P. Hen. No, I'll be sworn; unless you call three Bard. Will you give me money, captain?

fingers on the ribs, bare. But, sirrah, make haste; Fal. Lay out, lay out.

Percy is already in the field. Bard. This bottle makes an angel.

Fal. What, is the king encampert ? Fal. An if it do, take it for thy labour ; and if it

West. He is, sir Joho; I fear, we shall stay too long. make twenty, take them all, I'll answer the coinage.

Fal. Well, Bid my lieutenant Peto meet me at the town's end.

To the latter end of a fray, and the beginning of a feast, Bard. I will, captain : farewell.

[Exit.

Fits a dull fighter, and a keen guest. [Exeunt. Fal. If I be not ashamed of my soldiers, I am a souced gurnet. I have misused the king's press damn

SCENE NI.-The Rebel Camp near Shrewsburyj. ably. I have got, in exchange of a hundred and fifty

Enter Hotspur, Worcester, Douglas, and Vernon. soldiers, three hundred and odd pounds. I press me none but good householders, yeomen's sons : inquire Hot. We'll fight with him to-night. me out contracted bachelors, such as had been asked

Wor.

It may not be. twice on the bans ; such a commodity of warm slaves, Doug. You give him then advantage. as had as lief hear the devil as a drum; such as fear

Ver.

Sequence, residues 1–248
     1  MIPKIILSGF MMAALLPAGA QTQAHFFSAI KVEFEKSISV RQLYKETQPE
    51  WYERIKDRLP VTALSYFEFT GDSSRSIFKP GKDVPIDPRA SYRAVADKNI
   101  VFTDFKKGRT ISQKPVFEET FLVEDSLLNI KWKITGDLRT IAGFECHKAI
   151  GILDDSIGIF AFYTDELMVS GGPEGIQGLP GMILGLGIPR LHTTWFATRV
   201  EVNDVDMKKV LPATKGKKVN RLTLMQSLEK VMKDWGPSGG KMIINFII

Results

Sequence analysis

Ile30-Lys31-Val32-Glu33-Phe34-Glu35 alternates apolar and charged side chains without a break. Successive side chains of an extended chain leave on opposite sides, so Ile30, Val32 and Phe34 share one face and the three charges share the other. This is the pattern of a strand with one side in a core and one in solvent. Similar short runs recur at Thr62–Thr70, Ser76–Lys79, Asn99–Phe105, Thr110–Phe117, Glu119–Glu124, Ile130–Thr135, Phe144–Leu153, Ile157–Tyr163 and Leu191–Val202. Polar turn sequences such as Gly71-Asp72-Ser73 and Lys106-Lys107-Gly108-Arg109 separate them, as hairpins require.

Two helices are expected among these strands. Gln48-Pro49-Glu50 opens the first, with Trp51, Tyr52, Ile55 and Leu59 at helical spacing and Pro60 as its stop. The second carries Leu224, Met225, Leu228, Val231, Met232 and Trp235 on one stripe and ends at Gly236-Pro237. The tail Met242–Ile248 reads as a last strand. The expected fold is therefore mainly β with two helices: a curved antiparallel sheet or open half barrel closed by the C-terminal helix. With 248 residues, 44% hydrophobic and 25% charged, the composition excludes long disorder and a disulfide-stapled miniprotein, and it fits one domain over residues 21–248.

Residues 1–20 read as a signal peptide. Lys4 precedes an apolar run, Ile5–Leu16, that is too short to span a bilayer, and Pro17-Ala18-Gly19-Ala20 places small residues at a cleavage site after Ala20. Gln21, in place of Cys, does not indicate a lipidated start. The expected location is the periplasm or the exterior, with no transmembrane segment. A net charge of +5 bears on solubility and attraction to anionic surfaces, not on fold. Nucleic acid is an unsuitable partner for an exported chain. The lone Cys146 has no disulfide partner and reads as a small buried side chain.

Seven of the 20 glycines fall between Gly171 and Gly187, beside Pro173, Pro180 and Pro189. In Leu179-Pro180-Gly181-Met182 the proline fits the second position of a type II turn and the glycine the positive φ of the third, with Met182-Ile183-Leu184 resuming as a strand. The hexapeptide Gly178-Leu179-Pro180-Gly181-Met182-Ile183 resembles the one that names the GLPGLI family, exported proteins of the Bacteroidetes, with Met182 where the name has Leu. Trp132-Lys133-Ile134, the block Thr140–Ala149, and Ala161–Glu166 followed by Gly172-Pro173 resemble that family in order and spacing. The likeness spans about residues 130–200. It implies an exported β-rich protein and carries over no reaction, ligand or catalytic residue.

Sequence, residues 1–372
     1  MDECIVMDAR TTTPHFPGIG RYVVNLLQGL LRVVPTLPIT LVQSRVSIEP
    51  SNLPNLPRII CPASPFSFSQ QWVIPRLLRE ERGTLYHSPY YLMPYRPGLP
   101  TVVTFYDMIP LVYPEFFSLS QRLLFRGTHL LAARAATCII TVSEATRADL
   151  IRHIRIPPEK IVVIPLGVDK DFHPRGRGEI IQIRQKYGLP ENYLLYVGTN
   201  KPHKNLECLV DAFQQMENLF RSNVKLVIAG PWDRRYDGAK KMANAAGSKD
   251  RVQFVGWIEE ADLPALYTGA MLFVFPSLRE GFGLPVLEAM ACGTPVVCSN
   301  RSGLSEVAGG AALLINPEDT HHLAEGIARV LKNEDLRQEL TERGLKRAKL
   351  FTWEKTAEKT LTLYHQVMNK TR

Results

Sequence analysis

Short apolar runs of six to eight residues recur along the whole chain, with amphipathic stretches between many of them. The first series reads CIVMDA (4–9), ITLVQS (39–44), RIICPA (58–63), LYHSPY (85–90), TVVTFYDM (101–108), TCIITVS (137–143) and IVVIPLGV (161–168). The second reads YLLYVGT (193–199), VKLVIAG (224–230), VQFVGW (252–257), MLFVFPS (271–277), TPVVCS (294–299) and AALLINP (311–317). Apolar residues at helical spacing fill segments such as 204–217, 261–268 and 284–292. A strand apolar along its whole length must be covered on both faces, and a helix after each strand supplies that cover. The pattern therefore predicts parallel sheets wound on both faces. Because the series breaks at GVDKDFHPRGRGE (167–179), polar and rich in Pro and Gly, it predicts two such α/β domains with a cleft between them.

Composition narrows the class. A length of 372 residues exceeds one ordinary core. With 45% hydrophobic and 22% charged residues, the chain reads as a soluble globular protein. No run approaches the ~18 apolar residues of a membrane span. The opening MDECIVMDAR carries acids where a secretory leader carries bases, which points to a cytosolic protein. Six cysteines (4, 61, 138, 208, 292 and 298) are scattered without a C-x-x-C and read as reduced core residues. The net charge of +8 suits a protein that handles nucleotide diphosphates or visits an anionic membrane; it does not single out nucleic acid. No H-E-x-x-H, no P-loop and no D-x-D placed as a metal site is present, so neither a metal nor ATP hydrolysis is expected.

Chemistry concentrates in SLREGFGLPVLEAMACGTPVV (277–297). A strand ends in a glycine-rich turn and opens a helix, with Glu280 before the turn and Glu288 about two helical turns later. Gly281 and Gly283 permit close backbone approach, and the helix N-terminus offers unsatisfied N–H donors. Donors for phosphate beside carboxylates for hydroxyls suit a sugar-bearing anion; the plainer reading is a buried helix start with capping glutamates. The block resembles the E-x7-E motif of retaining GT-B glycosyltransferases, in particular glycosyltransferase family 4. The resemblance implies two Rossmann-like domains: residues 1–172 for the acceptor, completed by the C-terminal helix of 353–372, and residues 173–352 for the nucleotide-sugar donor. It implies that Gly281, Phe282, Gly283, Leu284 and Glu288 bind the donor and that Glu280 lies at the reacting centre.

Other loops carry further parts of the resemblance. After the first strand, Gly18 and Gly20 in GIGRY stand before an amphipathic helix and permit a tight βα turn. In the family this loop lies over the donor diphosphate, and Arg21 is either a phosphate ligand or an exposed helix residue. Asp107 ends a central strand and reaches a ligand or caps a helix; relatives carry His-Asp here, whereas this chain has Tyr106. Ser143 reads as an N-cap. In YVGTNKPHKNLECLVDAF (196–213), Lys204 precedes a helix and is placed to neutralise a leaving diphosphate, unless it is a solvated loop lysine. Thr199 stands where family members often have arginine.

Not a whit. the report of a caliver, worse than a struck fowl, or a Hot. Why say you so? looks be not for supply? hurt wild duck. I pressed me none but such toasts Ver. So do we. and butter, with hearts in their bellies no bigger than Hot.

His is certain, ours is doubtful. pins' heads, and they have bought out their services; Wor. Good cousin, be advisd; stir not to-night. and now my whole charge consists of ancients, corpo Ver. Do not, my lord. rals, lieutenants, gentlemen of companies, slaves as Doug.

You do not counsel well; ragged as Lazarus in the painted cloth, where the You speak it out of fear, and cold heart. glutton's dogs licked his sores: and such as, indeed, Ver. Do me no slander, Douglas : by my life, were never soldiers; but discarded unjust servingmen, || (And I dare well maintain it with my life.) younger sons to younger brothers, revolted tapsters, If well-respected honour bid me on, and ostlers trade-fallen; the cankers of a calm world, I hold as little counsel with weak fear, and a long peace; ten times more dishonourable rag As you my lord, or any Scot that lives :ged than an old faced ancient: and such have I, to Let it be seen to-morrow in the battle, fill up the rooms of them that have bought out their Which of us fears. services, that you would think, that I had a hundred Doug.